“Chaos, ridiculous chaos” is how Corey describes his life before coming to Harvest House. At the age of 33, Corey’s drug use was severe and impacting all areas of his life. Before beginning his recovery journey at Harvest House, he was significantly underweight, regularly injecting opiates and fentanyl, going in and out of jail, and had overdosed more than once. The desperation of his situation was not lost on his loved ones. Corey recounts that his mother was afraid for his life and constantly worried that she would get a phone call saying he was dead.
Corey came to Harvest House reluctantly. His aunt was a regular donor to Harvest House and she and Corey’s mother urged him to get the help he desperately needed. Corey had tried short-term recovery programs previously, but looking back on it says “short-term programs did not work for [him]”. Reflecting on his initial reluctance to attend the Harvest House program, Corey states that the one-year commitment felt overwhelming. That was in 2013. Four years later, Corey remains committed to his recovery and to the Harvest House community as he passes on what he has learned to incoming residents.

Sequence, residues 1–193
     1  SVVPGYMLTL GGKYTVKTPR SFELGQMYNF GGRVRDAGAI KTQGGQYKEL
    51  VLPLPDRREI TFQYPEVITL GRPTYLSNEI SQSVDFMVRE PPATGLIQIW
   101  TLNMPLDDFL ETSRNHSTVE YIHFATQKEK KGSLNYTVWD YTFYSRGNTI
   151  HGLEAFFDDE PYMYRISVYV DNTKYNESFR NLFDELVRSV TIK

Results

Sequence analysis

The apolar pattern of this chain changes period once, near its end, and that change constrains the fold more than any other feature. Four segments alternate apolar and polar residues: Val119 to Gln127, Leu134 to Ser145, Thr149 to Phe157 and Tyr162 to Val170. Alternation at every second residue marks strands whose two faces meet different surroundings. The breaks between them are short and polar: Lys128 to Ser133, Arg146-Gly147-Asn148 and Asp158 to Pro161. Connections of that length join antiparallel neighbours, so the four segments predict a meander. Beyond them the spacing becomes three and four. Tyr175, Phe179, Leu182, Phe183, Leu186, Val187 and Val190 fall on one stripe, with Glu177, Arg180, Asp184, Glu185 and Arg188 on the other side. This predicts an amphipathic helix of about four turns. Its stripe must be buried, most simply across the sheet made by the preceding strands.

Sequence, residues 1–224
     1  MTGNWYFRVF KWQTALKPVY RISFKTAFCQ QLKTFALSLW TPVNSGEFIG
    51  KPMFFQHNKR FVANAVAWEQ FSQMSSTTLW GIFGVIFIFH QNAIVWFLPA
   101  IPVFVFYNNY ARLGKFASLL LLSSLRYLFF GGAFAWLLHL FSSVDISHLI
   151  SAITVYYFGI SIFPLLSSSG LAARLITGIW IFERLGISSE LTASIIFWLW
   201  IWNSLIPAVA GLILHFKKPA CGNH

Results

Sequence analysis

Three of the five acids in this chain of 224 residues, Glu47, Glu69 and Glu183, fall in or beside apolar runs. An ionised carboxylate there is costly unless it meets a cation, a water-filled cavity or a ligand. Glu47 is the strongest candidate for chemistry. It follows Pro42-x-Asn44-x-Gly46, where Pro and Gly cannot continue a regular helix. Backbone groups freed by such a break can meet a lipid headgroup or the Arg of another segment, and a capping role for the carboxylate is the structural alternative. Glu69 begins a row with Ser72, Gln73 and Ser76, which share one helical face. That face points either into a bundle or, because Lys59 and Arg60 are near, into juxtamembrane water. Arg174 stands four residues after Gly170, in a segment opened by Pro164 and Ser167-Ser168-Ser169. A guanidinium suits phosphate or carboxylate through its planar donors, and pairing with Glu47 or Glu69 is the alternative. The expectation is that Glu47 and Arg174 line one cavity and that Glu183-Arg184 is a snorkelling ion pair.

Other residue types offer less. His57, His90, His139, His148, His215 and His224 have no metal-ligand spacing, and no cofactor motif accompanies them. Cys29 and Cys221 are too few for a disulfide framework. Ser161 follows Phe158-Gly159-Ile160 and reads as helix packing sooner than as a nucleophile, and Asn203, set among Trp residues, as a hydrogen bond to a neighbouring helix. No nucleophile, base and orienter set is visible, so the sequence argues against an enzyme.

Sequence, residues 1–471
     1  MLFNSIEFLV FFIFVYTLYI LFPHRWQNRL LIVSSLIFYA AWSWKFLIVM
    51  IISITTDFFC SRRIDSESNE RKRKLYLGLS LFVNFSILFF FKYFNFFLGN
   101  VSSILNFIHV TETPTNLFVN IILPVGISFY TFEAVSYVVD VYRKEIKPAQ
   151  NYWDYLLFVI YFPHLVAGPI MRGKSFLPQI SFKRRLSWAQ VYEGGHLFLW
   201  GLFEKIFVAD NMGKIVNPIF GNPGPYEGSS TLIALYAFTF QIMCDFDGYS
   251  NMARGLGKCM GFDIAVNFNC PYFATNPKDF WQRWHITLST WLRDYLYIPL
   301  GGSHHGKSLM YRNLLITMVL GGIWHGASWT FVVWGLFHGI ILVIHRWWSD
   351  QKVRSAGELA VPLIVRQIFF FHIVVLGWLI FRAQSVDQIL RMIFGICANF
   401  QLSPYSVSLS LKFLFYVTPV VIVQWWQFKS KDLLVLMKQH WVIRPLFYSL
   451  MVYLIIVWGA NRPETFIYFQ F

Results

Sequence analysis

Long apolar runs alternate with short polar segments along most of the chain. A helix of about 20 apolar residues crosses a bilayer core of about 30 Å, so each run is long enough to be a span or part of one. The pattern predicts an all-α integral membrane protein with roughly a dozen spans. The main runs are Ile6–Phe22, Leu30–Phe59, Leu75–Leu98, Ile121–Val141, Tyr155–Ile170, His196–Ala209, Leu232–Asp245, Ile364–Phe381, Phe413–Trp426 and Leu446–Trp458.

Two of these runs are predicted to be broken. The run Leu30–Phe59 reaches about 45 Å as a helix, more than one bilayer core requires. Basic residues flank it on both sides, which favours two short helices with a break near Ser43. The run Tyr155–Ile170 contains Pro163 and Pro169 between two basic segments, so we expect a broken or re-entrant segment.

His journey over the past four years, however, has not been without its share of difficulties. He says that he came here knowing things needed to change, but that he “bit, fought, and scratched the whole way through”. Looking back on the times when things got rough and he wanted to give up, he now refers to himself as “one of the lucky ones who stayed”. Explaining his progress over the past four years, Corey states that his way of thinking has been what has changed the most: “I think differently now than I did then … I try to take into account the consequences of my actions”. He also says that he is increasingly able to trust that God is in control and will work things out.
As Corey has worked on his recovery, he has also been able to contribute in important ways to the Harvest House community. Corey is now a counsellor-in-training and anger management facilitator – roles that enable him to encourage, guide, and support other men in their recovery journey. One of his goals is to attain his certification as an alcohol and drug counsellor through the Canadian Addiction Counsellors Certification Federation. He is already working through the courses and counselling hours required for this certification. Corey is also working to rebuild a relationship with his two young daughters and hopes to become a good role model for them as he progresses in his recovery and career.
Four years into recovery, Corey has come to be regarded as a dependable and hard-working member of the Harvest House community. He recognizes that this is something he has had to build over time because “you don’t just fall into it”. He also finds fulfillment and purpose through his work and states that he has gotten to the point where he doesn’t like not being at Harvest House. Reflecting on the recovery journey, Corey expresses that the success he has attained is certainly possible for others: “If a guy like me, who came here 30-40lbs underweight, shooting needles every day, can come here and get sober, any one of these guys can.”